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Anne-Marie and I climbed Mount Yale together from the Denny Creek trailhead. We had a gorgeous day for hiking and were able to take our time and really enjoy ourselves. The trailhead for Yale is right on a paved highway so it is a popular hike, but the trip is long enough that we really didn't see too many people that day. When we returned to the parking lot it was overflowing with cars, but I guess a lot of people do the hike to Hartenstein Lake from here as well.

The first view of Mount Yale comes about a half mile into the hike.

The trail parallels a stream that diminishes as you near treeline.

I really enjoyed the way that the Yale trail spends a lot of time working its way through a beautiful forest.

We finally got a little sunlight on us well after passing treeline.

Just after breaking treeline, the mountians to the West of Yale known as the "Three Apostles" come into view.

When the trail reaches the saddle on the ridge to the summit it gets a little difficult, but careful route selection can keep it fairly easy.

Upon reaching the summit I noticed something wasn't quite right with Anne-Marie. She had altitude sickness.

After a short nap on the summit she was feeling better.

The summit was very warm and calm which made for an enjoyable time up there.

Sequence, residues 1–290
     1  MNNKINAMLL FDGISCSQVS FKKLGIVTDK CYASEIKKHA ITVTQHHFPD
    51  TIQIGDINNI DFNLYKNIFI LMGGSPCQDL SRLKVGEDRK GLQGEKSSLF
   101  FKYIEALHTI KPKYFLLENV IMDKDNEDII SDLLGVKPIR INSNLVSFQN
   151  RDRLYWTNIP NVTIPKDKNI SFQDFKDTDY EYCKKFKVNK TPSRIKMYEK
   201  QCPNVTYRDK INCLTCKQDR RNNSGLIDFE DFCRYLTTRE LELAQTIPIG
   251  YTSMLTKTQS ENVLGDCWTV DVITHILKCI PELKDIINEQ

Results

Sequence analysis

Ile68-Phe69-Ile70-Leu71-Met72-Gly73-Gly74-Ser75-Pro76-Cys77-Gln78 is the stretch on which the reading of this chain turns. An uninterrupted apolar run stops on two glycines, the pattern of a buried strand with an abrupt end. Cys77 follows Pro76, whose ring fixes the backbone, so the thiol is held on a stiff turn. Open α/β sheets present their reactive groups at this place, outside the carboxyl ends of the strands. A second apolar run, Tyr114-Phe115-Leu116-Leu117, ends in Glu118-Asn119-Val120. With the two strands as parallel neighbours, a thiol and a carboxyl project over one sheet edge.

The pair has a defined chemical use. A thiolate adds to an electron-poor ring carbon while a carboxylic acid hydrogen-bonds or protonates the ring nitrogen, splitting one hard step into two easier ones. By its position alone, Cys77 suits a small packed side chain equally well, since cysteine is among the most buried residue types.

Winter Attempt

The key in this title is attempt. A group of guys from WPCC attempted this mountain in the winter. Caleb and I were still recovering from a bad flu that left us coughing like crazy, we made it to about 13,000. Sam just didn't have the altitude experience he needed and had to turn back at 13,500. Jason and Kevin got to 14,000 feet but icy conditions and running short of daylight forced them back empty handed. It was a beautiful trip though. Besides, a bad day on the mountain is still way better than a good day at work.

At the trailhead in the predawn light.

Hiking up the unbroken trail.

Everything was covered in several inches of fresh snow.

caleb bringing up the rear of the line.

The group got seperated near treeline in some extremely deep soft powder. Even in snowshoes we sinking up to our chests in snow. We regrouped after treeline where the snow was much better for snowshoeing.

Jason with the Hartenstein Lake valley in the background.

The scenery was almost surreal that day.

We were getting tired already and we still had a long ways to go.

Caleb an I then stopped at 13,000 feet and I took this panoramic image.

Caleb and I began to descend in hopes of catching our breath and Sam caught up before treeline.

The trip out went much better since we had broken the trail on the way in, but we still barely got back before sundown.

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